How To Become A Textile Designer Without Going To School

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The world of learning is changing, and like many career paths, you don’t need to go to school to become a textile designer. There are so many online courses that will teach you the essential skills in a fraction of the time and for a LOT cheaper.

One of our most successful students inside Freelance Accelerator: from Surviving to Thriving (FAST), Katerina Dimovska from Macedonia, is crushing it in her career. Katerina didn’t have any experience in textiles (and didn’t get a textile degree), yet in her first year freelancing as a textile designer, she earned more than she had in her previous year as a full-time employee.

Consistent income as freelance textile designer

Better yet, Katerina is happier in her career than she’s ever been.

“For the first time in my life, I feel like I am on the right path.”

FAST grad Katerina Dimovska, textile designer, Macedonia

Bottom Line, You Don’t Need A Degree To Be A Textile Designer!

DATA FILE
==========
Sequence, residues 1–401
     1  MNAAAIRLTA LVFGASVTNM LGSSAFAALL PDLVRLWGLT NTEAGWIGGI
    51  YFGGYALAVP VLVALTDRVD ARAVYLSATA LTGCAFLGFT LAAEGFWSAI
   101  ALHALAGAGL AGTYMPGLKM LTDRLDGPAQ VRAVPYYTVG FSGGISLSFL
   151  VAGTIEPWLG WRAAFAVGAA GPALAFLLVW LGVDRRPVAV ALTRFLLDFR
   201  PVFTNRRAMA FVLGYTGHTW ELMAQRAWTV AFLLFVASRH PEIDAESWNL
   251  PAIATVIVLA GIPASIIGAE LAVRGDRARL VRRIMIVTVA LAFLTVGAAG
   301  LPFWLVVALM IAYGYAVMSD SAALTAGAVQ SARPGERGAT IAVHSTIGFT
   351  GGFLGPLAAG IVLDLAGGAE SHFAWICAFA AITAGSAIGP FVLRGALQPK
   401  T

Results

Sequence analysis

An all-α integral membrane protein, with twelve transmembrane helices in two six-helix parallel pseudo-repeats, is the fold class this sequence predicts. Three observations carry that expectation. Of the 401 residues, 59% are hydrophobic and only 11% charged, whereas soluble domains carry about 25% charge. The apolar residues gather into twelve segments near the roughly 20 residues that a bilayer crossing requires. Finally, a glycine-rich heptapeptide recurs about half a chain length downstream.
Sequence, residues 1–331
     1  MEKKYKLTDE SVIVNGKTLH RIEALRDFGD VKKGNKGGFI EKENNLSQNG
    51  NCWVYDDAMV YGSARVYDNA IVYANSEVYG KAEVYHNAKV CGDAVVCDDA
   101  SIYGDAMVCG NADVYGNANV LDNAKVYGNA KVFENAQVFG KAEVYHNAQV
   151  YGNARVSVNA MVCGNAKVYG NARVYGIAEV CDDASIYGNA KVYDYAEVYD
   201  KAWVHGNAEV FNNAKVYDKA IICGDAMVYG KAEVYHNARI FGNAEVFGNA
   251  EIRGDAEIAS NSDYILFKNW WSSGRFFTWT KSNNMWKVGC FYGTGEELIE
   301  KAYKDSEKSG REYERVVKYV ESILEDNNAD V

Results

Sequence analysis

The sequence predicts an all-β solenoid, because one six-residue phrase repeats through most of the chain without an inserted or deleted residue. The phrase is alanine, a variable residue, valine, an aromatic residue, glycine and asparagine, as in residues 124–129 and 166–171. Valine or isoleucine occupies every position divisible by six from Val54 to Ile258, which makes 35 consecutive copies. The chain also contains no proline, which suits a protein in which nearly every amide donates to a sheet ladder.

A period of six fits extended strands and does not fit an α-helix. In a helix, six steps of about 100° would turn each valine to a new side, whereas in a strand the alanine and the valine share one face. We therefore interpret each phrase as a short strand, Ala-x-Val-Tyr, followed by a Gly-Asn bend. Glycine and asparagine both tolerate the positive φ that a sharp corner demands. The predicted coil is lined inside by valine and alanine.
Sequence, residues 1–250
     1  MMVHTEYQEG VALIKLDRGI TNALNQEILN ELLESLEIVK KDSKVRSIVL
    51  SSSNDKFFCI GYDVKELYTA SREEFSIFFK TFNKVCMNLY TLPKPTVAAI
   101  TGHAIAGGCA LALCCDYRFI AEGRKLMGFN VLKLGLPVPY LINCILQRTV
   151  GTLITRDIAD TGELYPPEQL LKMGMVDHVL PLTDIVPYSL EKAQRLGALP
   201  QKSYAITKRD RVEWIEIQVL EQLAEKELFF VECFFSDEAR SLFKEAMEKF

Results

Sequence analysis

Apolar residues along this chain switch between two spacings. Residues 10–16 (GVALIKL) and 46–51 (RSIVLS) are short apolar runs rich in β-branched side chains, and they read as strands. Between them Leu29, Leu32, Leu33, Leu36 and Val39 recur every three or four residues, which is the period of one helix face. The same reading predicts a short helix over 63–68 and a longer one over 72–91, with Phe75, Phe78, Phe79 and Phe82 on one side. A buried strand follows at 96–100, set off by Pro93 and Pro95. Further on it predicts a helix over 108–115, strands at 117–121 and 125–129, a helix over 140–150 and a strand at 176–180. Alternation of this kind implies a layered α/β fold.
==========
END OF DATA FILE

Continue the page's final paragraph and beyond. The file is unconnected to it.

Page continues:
You just need to learn the 3 essential skills (repeats, speccing for production, and the basics of fabric + print types) and put together a simple portfolio.

What Qualifications Do You Need To Be A Textile Designer?

While going to fashion school and learning can look great on your resume, and it can be a way to network your way to a job, it’s really not required. Fashion school will set you back years and tens of thousands of dollars.

So, what qualifications do you actually need to be a textile designer, if it’s not a textile design degree on your resume? 

It depends on what kind of work you want to do and how you want to sell your designs and make money as a textile designer. So, what are the general qualifications?

What brands care most about, whether it’s a fashion brand or a home decor brand, is that your aesthetic matches theirs. They are going to instantly judge you by your designs – does your portfolio match what they want to create? If you visually connect with a brand, they could care less about fashion school or experience on your resume.

Beyond that, having a base understanding of the different types of printing techniques and how they will translate to different fabrics will be valuable. And last, understanding how to technically prepare the artwork for production and manufacturing is really helpful. This may include prepping one repeat tile at the correct scale and adding color callouts.

As long as you follow the 3 steps to becoming a textile designer, you’ll be in pretty good shape!

Keep Reading: What To Put In A Textile Design Portfolio (With Examples)